Accurate prediction of the ultimate load bearing capacity of structures plays an important role in the design of many practical engineering structural systems. Traditional elastic design provides a good estimation of safety margin when the structure is subjected to normal service/loading conditions, but it cannot evaluate the ultimate load carrying capacity of the structure because the plasticity effect is not taken into consideration. The incremental elastic-plastic analysis, on the other hand, may be quite cumbersome and convergence of the nonlinear solution can be a critical issue for large-scale structures. Therefore, approaches based on limit analysis are opening an alternative way to predict accurately the ultimate behavior of structures in the plastic regime. Nowadays, limit analysis has well known as an efficient direct tool for assessing the safety load factor of engineering structures.
The aim of this project is to develop a robust computational tool of kinematic theorem for predicting the plastic limit loads in structures. The basic idea in this method is to use two levels of mesh repartitioning for the finite element limit analysis. The master level begins with an adaptive primal-mesh strategy guided by a dissipation-based indicator. The slave level consists of further subdividing each triangle into three sub-triangles and creating a dual mesh through a careful selection of a pair of two sub-triangles shared by the corresponding common element edge. By applying a strain smoothing projection operator to the strain rates on the dual mesh, the flow rule constraint is enforced over the edge-based strain smoothing domains, and likewise everywhere in the problem domain. This numerical procedure is performed for a cohesive-frictional material. This numerical procedure is also performed necessarily to overcome the volumetric locking problem for a purely cohesive material. The optimization formulation of limit analysis is next presented by the form of a second-order cone programming (SOCP) for the purpose of exploiting the efficiency of interior-point solvers. The present method uses linear triangular elements and handles a low number of optimization variables. This leads to a convenient way to design and solve the large-scale optimization problems effectively. Several numerical examples are given to demonstrate the simplicity and effectiveness of our method in both academics and applications.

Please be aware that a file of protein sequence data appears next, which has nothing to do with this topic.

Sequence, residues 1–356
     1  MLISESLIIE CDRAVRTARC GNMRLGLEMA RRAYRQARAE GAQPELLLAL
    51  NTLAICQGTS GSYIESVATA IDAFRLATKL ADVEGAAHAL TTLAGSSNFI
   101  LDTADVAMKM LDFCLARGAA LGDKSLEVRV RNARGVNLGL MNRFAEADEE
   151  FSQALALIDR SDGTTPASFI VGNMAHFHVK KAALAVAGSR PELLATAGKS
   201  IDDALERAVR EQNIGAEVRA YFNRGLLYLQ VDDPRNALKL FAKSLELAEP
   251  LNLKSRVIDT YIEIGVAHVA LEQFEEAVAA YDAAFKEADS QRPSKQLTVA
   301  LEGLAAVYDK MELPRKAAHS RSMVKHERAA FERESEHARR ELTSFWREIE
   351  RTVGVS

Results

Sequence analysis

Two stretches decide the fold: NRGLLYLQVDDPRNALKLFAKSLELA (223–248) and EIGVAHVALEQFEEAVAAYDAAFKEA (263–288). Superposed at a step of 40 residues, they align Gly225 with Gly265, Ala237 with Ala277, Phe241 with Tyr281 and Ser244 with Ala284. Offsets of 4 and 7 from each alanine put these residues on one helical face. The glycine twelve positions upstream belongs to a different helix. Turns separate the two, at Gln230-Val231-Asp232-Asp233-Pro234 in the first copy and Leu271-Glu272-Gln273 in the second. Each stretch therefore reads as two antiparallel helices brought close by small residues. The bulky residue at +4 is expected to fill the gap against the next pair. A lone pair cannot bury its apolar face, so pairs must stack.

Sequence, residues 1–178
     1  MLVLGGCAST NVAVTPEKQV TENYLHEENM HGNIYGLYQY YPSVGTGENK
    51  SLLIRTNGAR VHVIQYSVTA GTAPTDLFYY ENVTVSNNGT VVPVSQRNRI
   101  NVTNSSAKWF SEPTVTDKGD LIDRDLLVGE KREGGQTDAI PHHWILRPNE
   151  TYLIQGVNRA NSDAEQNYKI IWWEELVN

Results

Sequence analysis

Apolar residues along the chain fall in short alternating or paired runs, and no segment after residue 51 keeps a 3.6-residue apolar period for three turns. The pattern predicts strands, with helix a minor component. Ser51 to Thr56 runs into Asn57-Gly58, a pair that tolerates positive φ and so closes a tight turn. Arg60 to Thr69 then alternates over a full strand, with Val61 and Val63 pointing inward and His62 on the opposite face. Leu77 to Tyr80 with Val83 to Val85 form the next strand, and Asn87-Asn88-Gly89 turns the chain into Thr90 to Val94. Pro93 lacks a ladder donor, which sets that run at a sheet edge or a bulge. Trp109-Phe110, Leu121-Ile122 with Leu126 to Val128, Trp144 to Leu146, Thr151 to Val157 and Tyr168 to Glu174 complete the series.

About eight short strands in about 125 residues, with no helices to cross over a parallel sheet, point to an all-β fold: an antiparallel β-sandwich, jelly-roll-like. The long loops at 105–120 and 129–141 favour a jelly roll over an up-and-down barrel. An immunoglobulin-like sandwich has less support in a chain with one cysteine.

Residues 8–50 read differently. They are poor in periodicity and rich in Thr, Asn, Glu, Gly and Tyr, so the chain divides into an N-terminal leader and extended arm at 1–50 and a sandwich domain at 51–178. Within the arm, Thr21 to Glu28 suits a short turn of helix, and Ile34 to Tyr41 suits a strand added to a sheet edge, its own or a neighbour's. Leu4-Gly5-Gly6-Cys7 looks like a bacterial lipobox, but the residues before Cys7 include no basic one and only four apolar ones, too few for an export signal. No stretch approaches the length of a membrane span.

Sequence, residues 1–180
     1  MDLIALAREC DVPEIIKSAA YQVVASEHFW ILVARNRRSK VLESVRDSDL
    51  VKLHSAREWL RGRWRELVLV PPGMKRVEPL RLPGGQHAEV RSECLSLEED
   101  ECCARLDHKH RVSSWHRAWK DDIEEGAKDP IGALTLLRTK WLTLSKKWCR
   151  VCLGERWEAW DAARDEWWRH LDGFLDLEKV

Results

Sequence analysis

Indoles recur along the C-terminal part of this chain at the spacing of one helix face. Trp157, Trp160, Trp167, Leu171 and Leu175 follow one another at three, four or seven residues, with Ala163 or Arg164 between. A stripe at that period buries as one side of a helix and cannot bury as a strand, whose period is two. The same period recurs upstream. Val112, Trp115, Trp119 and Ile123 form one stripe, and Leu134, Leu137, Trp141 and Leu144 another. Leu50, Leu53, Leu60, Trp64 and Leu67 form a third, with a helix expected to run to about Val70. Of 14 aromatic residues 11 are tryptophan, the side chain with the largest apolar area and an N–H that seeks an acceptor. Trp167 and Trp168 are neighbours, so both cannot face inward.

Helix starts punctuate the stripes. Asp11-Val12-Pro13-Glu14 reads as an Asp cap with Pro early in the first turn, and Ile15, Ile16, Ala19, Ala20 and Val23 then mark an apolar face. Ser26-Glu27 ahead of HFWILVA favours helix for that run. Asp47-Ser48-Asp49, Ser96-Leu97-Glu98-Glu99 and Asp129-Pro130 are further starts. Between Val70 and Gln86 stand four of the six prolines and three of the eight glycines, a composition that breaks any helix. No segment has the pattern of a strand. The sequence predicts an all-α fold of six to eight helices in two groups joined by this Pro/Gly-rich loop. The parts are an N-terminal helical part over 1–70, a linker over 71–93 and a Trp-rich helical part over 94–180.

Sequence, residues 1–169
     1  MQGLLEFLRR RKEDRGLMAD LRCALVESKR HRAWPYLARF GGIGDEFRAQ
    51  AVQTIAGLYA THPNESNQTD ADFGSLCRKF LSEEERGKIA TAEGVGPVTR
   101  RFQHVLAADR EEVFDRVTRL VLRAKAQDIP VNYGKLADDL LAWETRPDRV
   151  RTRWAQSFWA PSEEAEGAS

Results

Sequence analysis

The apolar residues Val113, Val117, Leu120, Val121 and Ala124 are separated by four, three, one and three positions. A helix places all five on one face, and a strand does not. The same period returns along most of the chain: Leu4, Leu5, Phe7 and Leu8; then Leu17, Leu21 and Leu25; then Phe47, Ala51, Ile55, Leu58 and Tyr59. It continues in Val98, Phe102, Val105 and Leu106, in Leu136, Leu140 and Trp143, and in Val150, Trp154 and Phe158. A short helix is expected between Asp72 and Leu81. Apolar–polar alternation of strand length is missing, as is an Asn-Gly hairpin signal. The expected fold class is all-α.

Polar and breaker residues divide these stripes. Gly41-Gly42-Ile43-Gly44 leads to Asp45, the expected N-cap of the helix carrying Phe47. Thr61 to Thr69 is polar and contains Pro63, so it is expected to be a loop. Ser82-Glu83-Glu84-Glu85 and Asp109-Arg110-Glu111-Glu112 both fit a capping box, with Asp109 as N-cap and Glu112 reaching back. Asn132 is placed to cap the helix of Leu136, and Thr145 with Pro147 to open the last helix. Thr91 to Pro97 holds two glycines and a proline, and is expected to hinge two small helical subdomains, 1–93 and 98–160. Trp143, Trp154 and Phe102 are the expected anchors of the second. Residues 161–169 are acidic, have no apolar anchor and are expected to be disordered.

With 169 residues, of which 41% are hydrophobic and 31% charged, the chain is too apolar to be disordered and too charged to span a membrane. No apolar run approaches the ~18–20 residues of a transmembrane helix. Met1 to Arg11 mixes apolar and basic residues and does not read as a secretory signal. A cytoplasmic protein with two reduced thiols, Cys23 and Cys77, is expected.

You can find more relevant information in one of our papers at http://www.sciencedirect.com/science/article/pii/S0045782514004939